Thermochronological (40Ar/39Ar) evidence of Early Palaeozoic basin inversion within the southern Prince Charles Mountains, East Antarctica: implications for East Gondwana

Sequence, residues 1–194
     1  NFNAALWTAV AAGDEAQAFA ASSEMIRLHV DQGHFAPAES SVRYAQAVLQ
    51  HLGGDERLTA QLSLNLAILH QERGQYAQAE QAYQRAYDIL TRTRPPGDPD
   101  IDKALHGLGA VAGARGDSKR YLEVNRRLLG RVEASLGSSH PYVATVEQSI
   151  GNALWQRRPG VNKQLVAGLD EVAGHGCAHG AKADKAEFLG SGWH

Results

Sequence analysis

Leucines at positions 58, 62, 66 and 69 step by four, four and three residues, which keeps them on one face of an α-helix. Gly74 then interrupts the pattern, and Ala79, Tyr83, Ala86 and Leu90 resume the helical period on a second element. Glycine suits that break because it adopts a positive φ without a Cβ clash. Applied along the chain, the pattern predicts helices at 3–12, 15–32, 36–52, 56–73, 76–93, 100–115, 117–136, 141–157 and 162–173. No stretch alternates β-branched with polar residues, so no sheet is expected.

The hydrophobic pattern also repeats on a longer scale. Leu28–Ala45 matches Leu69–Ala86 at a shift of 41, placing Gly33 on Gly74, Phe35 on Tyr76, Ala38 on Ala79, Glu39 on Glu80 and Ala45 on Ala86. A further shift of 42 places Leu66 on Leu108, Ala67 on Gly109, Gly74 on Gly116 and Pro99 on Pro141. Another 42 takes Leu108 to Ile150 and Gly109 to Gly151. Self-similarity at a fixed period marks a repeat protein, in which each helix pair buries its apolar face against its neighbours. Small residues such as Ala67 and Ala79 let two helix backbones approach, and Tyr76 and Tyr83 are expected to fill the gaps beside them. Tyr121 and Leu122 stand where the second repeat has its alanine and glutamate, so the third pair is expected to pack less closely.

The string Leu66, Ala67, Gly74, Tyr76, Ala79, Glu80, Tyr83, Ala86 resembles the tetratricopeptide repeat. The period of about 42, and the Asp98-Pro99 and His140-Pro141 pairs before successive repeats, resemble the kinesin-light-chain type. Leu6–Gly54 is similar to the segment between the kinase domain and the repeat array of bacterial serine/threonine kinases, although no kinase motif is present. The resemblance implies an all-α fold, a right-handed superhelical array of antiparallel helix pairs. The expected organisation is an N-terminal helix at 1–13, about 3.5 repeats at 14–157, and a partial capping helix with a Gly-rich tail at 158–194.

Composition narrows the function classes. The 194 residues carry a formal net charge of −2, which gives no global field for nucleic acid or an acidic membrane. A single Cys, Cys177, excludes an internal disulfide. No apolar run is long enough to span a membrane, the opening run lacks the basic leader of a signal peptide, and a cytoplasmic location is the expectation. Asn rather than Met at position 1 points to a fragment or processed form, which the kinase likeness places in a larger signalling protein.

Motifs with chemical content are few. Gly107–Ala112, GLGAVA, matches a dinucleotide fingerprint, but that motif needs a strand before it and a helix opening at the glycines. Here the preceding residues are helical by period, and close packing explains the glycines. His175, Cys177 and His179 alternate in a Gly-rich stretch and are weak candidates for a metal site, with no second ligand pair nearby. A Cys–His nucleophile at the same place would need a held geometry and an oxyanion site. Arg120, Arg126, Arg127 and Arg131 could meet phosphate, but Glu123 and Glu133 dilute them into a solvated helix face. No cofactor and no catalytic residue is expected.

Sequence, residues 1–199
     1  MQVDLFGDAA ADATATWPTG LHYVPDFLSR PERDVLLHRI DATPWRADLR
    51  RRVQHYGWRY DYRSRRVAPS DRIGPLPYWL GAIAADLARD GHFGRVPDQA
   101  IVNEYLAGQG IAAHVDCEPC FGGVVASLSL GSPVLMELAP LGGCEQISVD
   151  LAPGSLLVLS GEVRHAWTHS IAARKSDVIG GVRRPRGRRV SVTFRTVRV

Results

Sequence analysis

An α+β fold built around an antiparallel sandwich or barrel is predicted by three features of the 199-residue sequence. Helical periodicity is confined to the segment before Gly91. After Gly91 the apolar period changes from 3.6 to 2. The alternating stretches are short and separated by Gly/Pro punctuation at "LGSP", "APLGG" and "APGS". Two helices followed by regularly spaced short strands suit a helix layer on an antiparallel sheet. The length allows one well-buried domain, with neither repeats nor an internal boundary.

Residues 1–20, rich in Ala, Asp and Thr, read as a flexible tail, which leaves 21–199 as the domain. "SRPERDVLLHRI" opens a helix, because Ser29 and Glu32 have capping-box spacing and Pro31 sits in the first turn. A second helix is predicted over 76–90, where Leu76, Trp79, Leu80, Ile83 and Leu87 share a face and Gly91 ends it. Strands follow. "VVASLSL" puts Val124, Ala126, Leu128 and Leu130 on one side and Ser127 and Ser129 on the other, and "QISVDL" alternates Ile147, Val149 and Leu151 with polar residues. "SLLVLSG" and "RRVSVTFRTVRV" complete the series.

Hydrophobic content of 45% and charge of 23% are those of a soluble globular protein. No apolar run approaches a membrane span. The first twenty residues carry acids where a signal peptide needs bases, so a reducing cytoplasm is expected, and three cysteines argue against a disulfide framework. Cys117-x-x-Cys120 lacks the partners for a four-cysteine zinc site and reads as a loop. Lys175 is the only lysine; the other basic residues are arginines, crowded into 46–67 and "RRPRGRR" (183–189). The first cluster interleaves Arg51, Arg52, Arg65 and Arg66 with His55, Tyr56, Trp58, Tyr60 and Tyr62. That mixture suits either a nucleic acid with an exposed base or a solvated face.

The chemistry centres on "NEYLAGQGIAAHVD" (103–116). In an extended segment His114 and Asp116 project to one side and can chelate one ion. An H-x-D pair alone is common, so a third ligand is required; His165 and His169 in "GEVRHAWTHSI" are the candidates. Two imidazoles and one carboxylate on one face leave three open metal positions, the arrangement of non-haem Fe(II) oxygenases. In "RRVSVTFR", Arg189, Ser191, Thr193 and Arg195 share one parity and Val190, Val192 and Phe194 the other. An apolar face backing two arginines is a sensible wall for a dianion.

40Ar/39Ar systematics within metasedimentary rocks exposed in the southern Prince Charles Mountains, East Antarctica, were thermally reset during a period of Early Palaeozoic (between 524 ± 1 Ma and 486 ± 2 Ma) orogenesis. This event affected three temporally distinct (Archaean to Neoproterozoic) stratigraphic levels that are now exposed in the upper crust. In the structural record, evidence of orogenesis during Early Palaeozoic times is preserved as late-stage, subvertical mylonite zones in the Archaean orthogneiss–metasedimentary basement and thin-skinned folding and thrusting of the overlying Neoproterozoic metasedimentary rocks. Synchronous cooling ages, contrasting structural styles and similar peak metamorphic conditions are interpreted as reflecting basement-involved thin-skinned deformation that was the result of inversion of a Neoproterozoic basin. The presence of pre-existing crustal heterogeneities is the mechanism that localized Early Palaeozoic orogenesis within the region. This interpretation differs from previous models that attribute Early Palaeozoic orogenesis within the southern Prince Charles Mountains to a collisional tectonic setting. An Early Palaeozoic intra-cratonic setting for the region suggests that amalgamation between India and Antarctica was likely to have occurred prior to the final construction of Gondwana.